Spelunking through the depths of the mysterious cave in Double Fine Productions’ latest game The Cave will likely bring on a bout of nostalgia for anyone who fondly remembers pointing and clicking their way through adventure games during the 1980′s and 1990′s. This should come as no surprise to hear since the title comes from the mind of Ron Gilbert — the man behind several classic adventure games like Manic Mansion and The Secret of Monkey Island. Considering the history of the developers working on The Cave, it would be fair to say that there were some lofty expectations for the title leading up to its release. Thankfully, Gilbert and his team have once again lived up to their reputations by delivering a fun and challenging adventure game.
The premise of The Cave is that for thousands, “nay, nay, tens of thousands of years” people have explored the deepest regions of the mysterious talking cave (yes, the cave talks and serves as the game’s humorous narrator) in search of what they desire the most in life. At the start of the game players choose three adventurers to take into the cave from a group of seven; The Hillbilly, The Scientist, The Monk, The Twins (two slightly creepy children, who count as one character), The Adventurer, The Knight, and The Time Traveler. Upon entering into the cave players will find two sets of levels/puzzles. The first are general areas of the cave that must be played through regardless of which characters you choose, the other are seven character specific levels that tell the story for each adventurer.
To access and solve each of these character specific levels players must use each adventurer’s unique ability — for example; The Time Traveler can teleport short distances , The Monk has limited telekinesis abilities, and The Adventurer can swing over certain gaps. The majority of these abilities are useless outside of their respective character’s level, however, there are a few instances where certain abilities can be helpful in The Cave‘s general levels.
The three adventurer at a time limit, combined with the character specific levels, means that you will have to play though The Cave three times before you have seen every puzzle that the game has to offer. It also means that you might want to save that last playthough for a time when all the solutions are not as fresh in your mind, because at that point it will only consist of one level that you have not seen before. It’s a shame that Double Fine didn’t take the extra time to throw in two additional characters/levels to make that final exit though the cave’s gift shop on par with the first two playthroughs.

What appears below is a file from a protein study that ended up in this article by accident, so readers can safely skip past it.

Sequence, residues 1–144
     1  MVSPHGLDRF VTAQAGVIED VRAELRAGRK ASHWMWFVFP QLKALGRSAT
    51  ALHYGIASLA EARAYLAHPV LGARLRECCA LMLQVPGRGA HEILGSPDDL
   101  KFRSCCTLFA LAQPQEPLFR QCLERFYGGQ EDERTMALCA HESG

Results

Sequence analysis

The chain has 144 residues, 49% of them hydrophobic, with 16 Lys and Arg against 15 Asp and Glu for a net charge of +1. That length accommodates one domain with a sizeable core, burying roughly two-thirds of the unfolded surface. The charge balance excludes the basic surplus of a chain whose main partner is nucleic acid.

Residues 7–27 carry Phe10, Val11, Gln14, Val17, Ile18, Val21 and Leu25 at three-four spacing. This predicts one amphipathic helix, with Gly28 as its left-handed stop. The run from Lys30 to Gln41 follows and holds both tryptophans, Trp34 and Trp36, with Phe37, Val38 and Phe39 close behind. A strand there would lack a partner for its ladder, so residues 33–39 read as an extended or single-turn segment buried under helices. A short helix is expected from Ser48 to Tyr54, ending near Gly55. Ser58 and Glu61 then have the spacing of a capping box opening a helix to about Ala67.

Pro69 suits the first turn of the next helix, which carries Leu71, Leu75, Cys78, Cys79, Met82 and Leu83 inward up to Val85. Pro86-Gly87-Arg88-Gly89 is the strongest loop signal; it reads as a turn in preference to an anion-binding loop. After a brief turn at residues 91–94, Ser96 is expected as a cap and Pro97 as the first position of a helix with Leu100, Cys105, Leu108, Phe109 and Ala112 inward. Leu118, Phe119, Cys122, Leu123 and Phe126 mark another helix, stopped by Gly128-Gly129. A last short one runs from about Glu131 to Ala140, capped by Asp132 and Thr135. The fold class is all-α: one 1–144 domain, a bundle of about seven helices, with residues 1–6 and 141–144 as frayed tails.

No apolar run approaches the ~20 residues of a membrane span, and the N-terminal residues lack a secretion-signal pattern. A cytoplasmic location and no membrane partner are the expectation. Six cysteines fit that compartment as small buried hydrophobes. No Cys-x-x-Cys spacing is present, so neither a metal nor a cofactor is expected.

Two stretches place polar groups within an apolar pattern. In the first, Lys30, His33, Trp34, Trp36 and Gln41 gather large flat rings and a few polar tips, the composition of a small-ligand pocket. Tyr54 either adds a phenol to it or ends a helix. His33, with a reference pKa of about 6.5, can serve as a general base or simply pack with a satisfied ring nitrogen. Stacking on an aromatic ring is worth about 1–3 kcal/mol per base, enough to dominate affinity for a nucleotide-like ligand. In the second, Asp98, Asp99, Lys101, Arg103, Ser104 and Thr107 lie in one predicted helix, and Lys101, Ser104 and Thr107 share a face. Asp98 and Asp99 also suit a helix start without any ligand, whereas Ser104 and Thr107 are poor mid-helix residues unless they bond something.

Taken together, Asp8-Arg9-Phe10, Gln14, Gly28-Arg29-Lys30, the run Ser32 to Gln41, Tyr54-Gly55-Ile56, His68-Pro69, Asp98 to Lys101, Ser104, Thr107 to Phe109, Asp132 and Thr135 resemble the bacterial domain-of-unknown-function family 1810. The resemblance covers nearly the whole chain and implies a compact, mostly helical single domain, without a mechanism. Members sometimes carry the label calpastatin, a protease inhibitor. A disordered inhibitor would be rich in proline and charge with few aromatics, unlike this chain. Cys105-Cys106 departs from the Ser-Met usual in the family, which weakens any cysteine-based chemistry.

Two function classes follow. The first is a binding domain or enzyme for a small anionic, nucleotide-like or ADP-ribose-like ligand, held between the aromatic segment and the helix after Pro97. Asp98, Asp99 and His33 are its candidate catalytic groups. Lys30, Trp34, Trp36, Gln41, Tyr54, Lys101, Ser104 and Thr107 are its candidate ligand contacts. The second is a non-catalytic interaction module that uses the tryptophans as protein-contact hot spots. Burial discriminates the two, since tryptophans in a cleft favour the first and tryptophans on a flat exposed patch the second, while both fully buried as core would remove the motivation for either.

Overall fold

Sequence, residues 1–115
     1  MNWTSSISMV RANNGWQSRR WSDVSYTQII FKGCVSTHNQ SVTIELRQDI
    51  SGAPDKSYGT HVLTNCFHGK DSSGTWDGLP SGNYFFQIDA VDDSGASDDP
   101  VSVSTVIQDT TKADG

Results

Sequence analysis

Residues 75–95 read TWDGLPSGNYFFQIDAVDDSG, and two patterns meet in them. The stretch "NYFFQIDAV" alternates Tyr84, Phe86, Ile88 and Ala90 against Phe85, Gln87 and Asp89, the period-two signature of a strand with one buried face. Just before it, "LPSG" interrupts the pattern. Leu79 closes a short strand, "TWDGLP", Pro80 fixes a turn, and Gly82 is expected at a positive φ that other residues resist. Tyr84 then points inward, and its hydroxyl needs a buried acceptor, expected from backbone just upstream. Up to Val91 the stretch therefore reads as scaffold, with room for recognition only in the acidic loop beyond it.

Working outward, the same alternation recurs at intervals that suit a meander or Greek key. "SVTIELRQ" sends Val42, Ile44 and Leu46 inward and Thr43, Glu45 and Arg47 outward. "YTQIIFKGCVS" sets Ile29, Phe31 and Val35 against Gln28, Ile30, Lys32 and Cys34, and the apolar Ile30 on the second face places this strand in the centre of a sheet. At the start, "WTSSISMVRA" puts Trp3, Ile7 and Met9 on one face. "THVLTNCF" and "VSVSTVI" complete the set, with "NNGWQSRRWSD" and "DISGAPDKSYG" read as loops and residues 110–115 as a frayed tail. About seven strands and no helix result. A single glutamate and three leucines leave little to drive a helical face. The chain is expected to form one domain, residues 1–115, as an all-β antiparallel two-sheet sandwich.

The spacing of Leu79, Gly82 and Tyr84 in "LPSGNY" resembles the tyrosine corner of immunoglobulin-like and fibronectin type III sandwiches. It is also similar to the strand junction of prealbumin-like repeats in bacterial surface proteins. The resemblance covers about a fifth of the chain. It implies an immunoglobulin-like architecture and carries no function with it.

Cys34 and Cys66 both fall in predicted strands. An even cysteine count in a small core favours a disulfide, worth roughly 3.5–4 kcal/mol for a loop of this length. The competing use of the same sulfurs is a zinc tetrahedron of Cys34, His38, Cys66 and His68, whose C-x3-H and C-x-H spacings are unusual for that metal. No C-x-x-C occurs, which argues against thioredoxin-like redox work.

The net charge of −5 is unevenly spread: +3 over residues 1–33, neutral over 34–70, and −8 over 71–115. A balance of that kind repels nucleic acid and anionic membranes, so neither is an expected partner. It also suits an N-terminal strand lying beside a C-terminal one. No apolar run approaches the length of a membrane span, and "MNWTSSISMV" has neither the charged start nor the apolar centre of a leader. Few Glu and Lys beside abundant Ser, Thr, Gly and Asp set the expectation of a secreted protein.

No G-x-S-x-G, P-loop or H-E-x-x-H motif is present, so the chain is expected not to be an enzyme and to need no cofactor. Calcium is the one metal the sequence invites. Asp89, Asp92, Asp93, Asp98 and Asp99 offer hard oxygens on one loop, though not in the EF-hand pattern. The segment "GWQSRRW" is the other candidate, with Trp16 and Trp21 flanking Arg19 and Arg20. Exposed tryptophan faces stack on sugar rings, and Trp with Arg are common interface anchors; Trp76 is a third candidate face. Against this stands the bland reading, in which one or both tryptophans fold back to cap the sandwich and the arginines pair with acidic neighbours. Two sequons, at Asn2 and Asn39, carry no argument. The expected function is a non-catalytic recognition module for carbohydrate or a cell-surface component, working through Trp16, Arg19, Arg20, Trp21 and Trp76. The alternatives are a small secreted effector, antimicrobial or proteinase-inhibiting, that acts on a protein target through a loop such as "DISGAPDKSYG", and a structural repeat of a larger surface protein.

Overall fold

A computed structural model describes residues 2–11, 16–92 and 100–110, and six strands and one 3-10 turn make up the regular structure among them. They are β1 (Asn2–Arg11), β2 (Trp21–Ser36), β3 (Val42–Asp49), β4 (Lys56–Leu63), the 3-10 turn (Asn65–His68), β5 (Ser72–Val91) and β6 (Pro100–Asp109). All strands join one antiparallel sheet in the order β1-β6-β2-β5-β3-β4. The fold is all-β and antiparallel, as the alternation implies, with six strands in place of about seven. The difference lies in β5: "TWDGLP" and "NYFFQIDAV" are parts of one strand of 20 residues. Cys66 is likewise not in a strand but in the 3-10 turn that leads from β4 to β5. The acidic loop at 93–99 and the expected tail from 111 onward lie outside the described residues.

Even though you have direct control over the characters’ movement, and some light platforming is required, The Cave is a pure adventure title that is very much in the spirit of the classic point-and-click adventure games. This means that throughout your playthroughs you will find yourself doing things like: jumping into a fish tank full of electric eels to charge a battery, which can then be inserted into a recorder that is then used to record the sound of a cave monster. At that point you can then play the sound to a hunter who will run away from the hot dog vending machine that they are guarding, which allows you to snatch a giant frankfurter that is used to solve some other puzzle.
In short, it’s fantastic.
While a few of the game’s puzzles are a tad on the easy side, most require a decent amount of thought to solve and a few will have you scratching your head. Thankfully, nothing approaches the level of making you want to test the aerodynamics of your controller and I never encountered a situation where I was not able to proceed past a level due to a mistake. The Cave successfully walks the fine line between being challenging and punishing, which in this genre is a tribute to the design skills of the entire Double Fine team.
The Cave is very much a dark comedy as the levels typically involve having to murder (or accidentally kill) someone in a cartoonish/comedic way in order for the characters to achieve their goals. There is nothing gruesome on display here, but I can see the humor not exactly being everyone’s cup of tea. Personally, I found the comedy in The Cave to be one of the best parts of the game and often found myself smiling or chuckling at comments from NPCs or the cave itself.
There are a few minor issues that I experienced while playing The Cave, that seem like they could have been corrected with a bit more polish. The movement controls are not quite as tight as they could be when it comes to jumping, and at times my character would get stuck on the environment when pushing objects. I can’t stress enough how minor these two issues are (they are almost not worth noting) and neither comes anywhere close to hurting the overall experience.
The only other thing that I could point to as a knock against The Cave — and this is only going to be applicable to a certain segment of gamers — is that the game’s 20 Bronze Trophies constitute one of the worst Trophy lists in recent memory. I’m not one to let a lack of Trophies stop me from playing any particular title, however, I do find that a strong Trophy list tends to add to my overall enjoyment. I have not lowered The Cave‘s rating based on its weak Trophy list, but it could be an issue for gamers who care about these sorts of things.
Overall, The Cave is a solid adventure title with a great sense of humor and challenging puzzles. There are a few minor issues that could have been avoided with a little more polish, but nothing that detracts from the game in any meaningful way. Adventure fans and those who get a kick out of dark comedy will find plenty of enjoyment within the cave’s depths.
This review is based on the PS3 version of the game, which we were provided with.